and for november option 1

Like a song of mourning, the work is not only sorrowful and commemorative – it attempts to reconcile us to his loss, to all loss, as part of the “sway of things beyond fighting.”
— The Globe and Mail
Seductive, supple and haunting . . . Sweetland is a wistful eulogy for a dying way of life.
— The Toronto Star

On November 7th we welcome Michael Crummey, acclaimed Newfoundland poet and author of "Sweetland".

Michael's depiction of harsh lives in Newfoundland has been described as "illumined by compassion and rich language". his poetry described as "generous, genuine, rich and warm with some form of grace always present to receive whatever hardships his characters endure. 

For twelve generations, when the fish were plentiful and when they all-but disappeared, the inhabitants of this remote island in Newfoundland have lived and died together. Now, in the second decade of the 21st century, they are facing resettlement, and each has been offered a generous compensation package to leave. But the money is offered with a proviso: everyone has to go; the government won't be responsible for one crazy coot who chooses to stay alone on an island.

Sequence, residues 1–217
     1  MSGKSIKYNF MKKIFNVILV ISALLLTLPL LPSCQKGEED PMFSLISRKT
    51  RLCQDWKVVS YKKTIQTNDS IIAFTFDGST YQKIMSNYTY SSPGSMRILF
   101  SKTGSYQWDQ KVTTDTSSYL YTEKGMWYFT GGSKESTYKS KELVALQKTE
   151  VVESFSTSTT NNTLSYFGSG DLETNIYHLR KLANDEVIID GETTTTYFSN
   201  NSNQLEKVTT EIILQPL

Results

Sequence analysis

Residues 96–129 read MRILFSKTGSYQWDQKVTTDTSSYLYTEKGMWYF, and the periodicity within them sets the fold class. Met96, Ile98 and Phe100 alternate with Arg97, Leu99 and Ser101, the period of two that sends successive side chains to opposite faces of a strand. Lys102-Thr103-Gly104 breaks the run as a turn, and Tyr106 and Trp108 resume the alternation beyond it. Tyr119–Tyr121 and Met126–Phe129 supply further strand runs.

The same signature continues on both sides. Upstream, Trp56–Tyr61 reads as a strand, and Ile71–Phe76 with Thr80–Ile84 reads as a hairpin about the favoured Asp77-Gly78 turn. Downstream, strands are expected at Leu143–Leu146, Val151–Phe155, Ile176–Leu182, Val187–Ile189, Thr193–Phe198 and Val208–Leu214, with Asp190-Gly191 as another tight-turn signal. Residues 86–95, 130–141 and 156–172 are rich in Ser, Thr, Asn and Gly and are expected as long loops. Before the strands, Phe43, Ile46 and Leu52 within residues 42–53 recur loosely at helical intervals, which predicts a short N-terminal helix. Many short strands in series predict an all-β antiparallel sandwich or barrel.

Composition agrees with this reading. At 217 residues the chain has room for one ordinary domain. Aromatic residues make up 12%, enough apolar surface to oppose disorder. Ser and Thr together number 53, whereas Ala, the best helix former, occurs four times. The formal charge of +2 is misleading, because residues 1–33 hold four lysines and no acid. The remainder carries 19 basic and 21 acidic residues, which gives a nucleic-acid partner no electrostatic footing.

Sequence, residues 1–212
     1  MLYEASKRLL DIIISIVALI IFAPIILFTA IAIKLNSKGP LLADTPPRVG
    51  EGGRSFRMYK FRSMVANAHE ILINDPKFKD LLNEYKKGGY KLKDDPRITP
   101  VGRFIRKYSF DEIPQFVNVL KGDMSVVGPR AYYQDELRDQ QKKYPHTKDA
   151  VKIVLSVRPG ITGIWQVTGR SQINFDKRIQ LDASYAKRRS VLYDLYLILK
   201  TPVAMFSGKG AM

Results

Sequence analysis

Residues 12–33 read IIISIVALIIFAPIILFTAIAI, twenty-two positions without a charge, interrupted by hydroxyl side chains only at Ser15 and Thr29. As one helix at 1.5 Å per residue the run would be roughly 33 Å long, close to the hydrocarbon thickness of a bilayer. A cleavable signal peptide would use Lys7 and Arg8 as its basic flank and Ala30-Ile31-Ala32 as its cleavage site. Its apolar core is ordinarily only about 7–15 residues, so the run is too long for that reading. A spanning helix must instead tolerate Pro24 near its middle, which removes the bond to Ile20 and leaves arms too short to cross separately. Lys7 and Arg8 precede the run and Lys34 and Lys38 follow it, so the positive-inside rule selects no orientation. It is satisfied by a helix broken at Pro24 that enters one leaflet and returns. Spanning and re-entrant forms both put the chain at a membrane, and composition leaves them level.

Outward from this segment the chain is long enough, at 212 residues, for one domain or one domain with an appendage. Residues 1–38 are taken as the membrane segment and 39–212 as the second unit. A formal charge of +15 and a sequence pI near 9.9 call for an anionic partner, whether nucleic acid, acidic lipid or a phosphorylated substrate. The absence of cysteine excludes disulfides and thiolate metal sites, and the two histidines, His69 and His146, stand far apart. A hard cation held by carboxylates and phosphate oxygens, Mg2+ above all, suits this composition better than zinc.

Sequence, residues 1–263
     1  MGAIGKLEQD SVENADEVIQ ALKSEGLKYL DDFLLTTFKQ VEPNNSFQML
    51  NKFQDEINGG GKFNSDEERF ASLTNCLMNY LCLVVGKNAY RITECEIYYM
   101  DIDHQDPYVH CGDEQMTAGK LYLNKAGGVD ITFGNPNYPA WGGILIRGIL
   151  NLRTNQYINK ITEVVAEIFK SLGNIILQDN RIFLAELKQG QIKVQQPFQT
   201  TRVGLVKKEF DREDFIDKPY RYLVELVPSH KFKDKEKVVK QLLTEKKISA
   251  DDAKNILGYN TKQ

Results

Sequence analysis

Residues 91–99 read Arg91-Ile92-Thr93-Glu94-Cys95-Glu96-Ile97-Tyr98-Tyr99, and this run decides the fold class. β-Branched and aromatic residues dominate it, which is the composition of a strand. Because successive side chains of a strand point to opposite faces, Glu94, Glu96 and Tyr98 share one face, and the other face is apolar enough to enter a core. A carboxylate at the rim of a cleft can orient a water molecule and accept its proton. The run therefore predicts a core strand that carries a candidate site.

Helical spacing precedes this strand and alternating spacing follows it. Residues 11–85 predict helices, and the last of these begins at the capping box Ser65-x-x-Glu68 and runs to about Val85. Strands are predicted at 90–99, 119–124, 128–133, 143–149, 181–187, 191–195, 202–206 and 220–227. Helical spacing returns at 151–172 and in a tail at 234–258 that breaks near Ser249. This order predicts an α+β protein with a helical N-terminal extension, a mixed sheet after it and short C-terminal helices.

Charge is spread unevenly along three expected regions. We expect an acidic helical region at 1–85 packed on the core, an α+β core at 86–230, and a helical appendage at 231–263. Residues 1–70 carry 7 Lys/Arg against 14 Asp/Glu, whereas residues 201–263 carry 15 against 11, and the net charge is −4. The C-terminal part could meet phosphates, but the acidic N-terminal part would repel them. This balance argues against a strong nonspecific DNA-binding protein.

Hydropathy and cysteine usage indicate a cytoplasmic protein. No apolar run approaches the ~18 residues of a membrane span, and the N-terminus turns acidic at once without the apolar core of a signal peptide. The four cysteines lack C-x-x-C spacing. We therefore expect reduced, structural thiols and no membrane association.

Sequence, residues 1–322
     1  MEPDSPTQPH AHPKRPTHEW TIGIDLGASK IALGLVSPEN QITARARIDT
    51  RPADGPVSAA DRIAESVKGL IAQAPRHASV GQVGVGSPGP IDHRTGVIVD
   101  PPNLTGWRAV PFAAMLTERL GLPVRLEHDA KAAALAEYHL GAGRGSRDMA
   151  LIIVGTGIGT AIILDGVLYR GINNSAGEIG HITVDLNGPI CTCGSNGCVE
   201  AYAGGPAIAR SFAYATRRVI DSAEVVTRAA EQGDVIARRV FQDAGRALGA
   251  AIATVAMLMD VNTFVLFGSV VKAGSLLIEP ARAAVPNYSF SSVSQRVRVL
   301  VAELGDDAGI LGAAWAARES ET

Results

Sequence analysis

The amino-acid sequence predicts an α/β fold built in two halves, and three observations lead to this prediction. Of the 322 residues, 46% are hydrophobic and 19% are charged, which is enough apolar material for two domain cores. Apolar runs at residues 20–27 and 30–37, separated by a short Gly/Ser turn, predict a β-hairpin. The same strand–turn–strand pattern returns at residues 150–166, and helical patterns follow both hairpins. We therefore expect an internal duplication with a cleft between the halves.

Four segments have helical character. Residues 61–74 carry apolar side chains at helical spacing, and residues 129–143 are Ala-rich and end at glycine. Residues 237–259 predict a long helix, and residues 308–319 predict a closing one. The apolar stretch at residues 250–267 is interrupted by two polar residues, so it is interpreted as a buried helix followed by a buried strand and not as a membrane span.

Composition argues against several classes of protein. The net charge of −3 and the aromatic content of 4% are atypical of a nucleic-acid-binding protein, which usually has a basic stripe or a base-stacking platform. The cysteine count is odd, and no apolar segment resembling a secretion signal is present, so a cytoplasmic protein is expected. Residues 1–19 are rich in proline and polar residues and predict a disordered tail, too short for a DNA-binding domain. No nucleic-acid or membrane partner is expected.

That coot is Moses Sweetland. Motivated in part by a sense of history and belonging, haunted by memories of the short and lonely time he spent away from his home as a younger man, and concerned that his somewhat eccentric great-nephew will wilt on the mainland, Moses refuses to leave. But in the face of determined, sometimes violent, opposition from his family and his friends, Sweetland is eventually swayed to sign on to the government's plan. Then a tragic accident prompts him to fake his own death and stay on the deserted island. As he manages a desperately diminishing food supply, and battles against the ravages of weather, Sweetland finds himself in the company of the vibrant ghosts of the former islanders, whose porch lights still seem to turn on at night.